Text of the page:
Malaysian Data Centres attract investor attentionNovember 5, 2021 / By
The demand for high-quality internet connectivity is an increasing priority in Malaysia, like most other parts of the world. The need is driven by the young and information-thirsty population increasingly using mobile devices. Further, the government’s Movement Control Order (MCO) to combat COVID-19 has escalated the demand—with bandwidth usage peaking at 1.2 Tbps (TeraBits Per Second) in August 2021, creating the need for data centres and cloud-based services throughout the country.
As such, JLL Malaysia has received many enquiries for data centres and facilitated a few land transactions as investors and operators scramble to enter the market. Particularly, hyperscalers like Microsoft, Amazon and Google have obtained conditional approval to build and manage large-scale data centres and cloud services throughout the country, uplifting Malaysia’s prominence as a data hub within the region. Other recent greenfield development investments and company acquisitions include PCCW Solutions, GDS and Bridge Data Centre transactions.
Malaysia’s current data centre capacity is between 120MW and 150MW, concentrated in Greater Kuala Lumpur (Greater KL) and Johor, with a few in Penang. Cyberjaya, located in the south of Greater KL, is the most preferred location due to its well-planned infrastructure, relatively low land prices and proximity to the city centre. VADS, NTT, Bridge, amongst others, currently have more than 30 facilities in this area, and they are expanding aggressively. On the other hand, Johor has started to gain more attention, mainly due to its proximity to Singapore. With this strong inflow of global tech players and expansion plan of existing players, the Malaysian Communications and Multimedia Commission (MCMC) is expecting the addition of 150MW of data centre capacity in the next few years.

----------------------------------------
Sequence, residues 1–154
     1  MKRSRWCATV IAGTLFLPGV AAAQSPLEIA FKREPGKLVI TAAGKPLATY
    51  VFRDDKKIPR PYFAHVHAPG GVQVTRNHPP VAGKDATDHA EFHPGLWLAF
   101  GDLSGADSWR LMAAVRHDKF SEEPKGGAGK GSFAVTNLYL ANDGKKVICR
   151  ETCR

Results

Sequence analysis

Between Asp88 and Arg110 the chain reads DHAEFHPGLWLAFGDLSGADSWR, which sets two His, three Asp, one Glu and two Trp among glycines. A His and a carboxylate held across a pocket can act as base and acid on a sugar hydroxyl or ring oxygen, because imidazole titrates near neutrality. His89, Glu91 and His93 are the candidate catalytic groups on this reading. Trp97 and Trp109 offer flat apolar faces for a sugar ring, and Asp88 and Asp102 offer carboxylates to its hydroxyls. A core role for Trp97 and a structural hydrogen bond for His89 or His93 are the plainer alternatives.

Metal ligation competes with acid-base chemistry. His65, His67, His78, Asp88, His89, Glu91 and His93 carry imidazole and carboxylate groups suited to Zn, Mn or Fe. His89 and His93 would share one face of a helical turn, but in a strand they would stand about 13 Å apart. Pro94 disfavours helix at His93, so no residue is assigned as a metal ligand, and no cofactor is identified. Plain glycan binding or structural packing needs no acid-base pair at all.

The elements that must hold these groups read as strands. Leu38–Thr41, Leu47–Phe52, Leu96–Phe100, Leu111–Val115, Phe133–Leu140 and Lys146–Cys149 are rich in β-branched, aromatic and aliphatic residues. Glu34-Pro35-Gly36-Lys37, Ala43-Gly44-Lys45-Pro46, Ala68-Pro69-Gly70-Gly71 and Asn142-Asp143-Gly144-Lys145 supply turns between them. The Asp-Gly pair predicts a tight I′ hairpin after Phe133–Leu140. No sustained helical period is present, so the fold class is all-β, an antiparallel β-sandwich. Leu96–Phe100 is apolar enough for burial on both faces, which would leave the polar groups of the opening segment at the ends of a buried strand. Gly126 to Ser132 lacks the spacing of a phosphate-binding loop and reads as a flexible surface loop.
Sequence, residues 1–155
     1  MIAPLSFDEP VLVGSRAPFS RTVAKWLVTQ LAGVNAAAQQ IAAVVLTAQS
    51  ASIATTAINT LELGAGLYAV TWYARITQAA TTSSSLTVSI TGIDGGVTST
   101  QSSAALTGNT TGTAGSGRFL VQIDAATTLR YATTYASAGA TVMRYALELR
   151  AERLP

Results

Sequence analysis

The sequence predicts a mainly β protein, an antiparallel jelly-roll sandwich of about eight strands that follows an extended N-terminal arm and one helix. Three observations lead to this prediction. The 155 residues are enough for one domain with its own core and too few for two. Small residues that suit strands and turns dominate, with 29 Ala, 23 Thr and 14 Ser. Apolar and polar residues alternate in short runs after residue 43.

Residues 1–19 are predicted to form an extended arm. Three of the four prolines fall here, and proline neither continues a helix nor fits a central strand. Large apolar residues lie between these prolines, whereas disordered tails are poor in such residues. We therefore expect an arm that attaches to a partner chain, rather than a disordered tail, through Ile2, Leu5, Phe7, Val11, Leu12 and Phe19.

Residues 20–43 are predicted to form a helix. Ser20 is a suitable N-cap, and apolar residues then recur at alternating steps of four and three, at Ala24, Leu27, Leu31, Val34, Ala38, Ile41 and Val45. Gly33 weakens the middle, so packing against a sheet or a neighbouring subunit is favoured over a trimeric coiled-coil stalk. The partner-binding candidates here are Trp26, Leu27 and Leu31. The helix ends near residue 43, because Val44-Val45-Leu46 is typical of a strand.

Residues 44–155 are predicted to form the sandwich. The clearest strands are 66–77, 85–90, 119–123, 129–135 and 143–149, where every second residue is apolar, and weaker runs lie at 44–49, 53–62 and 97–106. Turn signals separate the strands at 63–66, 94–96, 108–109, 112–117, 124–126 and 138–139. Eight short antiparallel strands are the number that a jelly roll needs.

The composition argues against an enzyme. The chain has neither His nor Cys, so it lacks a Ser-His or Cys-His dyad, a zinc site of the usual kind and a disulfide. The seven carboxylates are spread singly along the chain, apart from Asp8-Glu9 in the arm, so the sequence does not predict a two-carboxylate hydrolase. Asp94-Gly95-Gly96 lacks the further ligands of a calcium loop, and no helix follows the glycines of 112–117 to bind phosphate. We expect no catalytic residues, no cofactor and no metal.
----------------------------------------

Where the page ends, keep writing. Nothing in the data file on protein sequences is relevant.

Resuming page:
Malaysia is currently connected to 23 submarine cable networks and 15 landing stations, providing excellent connectivity with the rest of Asia and the world.
Figure 1: Key Data Centre Locations and Submarine Cables Connectivity in Malaysia
Source: TeleGeography, JLL Research
Figure 2: Submarine Cables Connectivity and Landing Stations in Malaysia
The Government of Malaysia is promoting growth in the data centre sector and is committed to creating a viable ecosystem. Incentives include up to 100% tax exemption for eligible data centres and cloud businesses investments. The MCMC plans to increase the number of Internet Exchange Point (IXP) providers from the existing 12 to 66 by 2025. On the other hand, the Malaysia Digital Economy Blueprint (MyDIGITAL) has aimed to improve Malaysia’s infrastructure, certainly drawing more players to this sector.
An abundance of developable land, competitive electricity rates, and a pool of dynamic, literate and skilled workers have elevated Malaysia’s competitiveness in operational costs and other resources.
Figure 3: Electricity Prices for Business
Figure 4: Ease of Doing Business
Rank 1 = most business-friendly regulations
Source: World Bank
Figure 5: Literacy Rate
Source: World Bank
Malaysia has committed to reducing its carbon footprint by generating 31% renewable energy through its power-generation plan by 2025. This goal aligns with the targets set for global data centre players. The World Bank has rated Malaysia 12th in the world for ease of doing business, giving Malaysia a competitive advantage in attracting domestic and international investors seeking data centre and cloud business opportunities.
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